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How will it affect you? The assessment boycott explained

Protesters outside King's College Strand entrance, inset: UCU logo

UNIONISED lecturers at King’s may refuse to mark students’ work from 28 April as part of nationwide industrial action over pay.

This comes after a long dispute between the University and College Union (UCU) and the national employers’ association (UCEA) failed to reach a solution.

A protest is planned for 24 April and negotiations are ongoing, but how will it affect you? Will your exams still be marked? Can third years graduate? Roar!‘s on hand to explain all:

What is the assessment boycott?

A marking boycott would mean that King’s lecturers who are UCU members would refuse to carry out marking tasks.

This would continue indefinitely until a pay agreement is reached. Lecturers would, however, continue to teach, take seminars and set work.

Why are our lecturers thinking about taking this action?

The boycott is the result of an ongoing pay dispute between the UCU and the University and College Employers Association (UCEA). The union has rejected a 1% pay rise, saying that since 2009 its members have seen a real-term pay cut between 13 and 15%.

I’m a King’s student, will I be affected?

Potentially. King’s students submitting coursework, examinations, dissertations and other formal assessments to these lecturers after April 28th wouldn’t have their work marked.

All students could potentially be affected: since degrees are made up of multiple modules and assessments, it would take just one lecturer taking part in the boycott to cause disruption. However, it’s unclear how many UCU members would join the boycott.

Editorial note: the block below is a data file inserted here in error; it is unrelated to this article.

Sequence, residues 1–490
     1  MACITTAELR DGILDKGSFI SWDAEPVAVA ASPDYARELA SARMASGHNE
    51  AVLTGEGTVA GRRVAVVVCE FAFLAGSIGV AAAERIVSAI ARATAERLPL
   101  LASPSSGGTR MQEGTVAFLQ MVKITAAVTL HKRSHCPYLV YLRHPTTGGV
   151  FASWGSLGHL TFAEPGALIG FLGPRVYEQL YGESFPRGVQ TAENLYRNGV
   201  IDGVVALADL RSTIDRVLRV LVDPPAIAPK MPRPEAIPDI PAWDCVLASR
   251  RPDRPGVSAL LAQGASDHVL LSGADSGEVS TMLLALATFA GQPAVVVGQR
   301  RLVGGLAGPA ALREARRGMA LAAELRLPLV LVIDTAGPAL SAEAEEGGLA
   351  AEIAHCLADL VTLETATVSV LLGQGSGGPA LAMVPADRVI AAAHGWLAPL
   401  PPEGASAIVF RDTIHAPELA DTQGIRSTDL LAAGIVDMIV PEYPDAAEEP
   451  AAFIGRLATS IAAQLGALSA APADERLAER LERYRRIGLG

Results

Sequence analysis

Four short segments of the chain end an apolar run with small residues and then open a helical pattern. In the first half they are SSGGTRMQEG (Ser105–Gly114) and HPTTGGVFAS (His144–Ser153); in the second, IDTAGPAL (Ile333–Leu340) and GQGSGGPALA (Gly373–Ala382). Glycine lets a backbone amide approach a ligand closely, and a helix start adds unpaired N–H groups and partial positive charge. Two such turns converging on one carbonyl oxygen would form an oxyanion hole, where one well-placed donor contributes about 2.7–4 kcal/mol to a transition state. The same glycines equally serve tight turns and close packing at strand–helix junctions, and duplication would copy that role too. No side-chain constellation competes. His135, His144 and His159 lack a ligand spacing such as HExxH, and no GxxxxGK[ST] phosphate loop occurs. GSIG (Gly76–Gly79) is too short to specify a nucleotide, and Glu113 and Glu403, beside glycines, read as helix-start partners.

Could this stop me from graduating at the usual time?

Yes. The marking boycott could leave students unable to obtain marks for their final assignments. This could therefore leave students waiting longer to graduate this summer. However, this would be part of a nationwide boycott, so King’s students would not be disadvantaged in comparison to other graduating students.

Can the boycott still be avoided?

Yes. UCU claims that it has been forced into this action after six strikes have failed to bring concessions from UCEA. However, the boycott will not come into force until 28 April, so up until that date there is still time for negotiations to work out a solution.

Has a marking boycott occurred before?

Yes. A marking boycott was called for in 2006 by two unions who became the UCU. It led to three months of unmarked work. The action forced university bosses into concessions, although not on the scale that was demanded. It was called off just in time to ensure graduations were on time.

What is the King’s students’ union’s (KCLSU’s) position on the marking boycott?

Last month the union’s Student General Meeting voted to support lecturers in the dispute and to put pressure on the UCEA and the senior management at King’s to support the lecturers’ cause. Students have signed a petition calling on the KCL senior management to secure a fairer pay deal and avoid the boycott.

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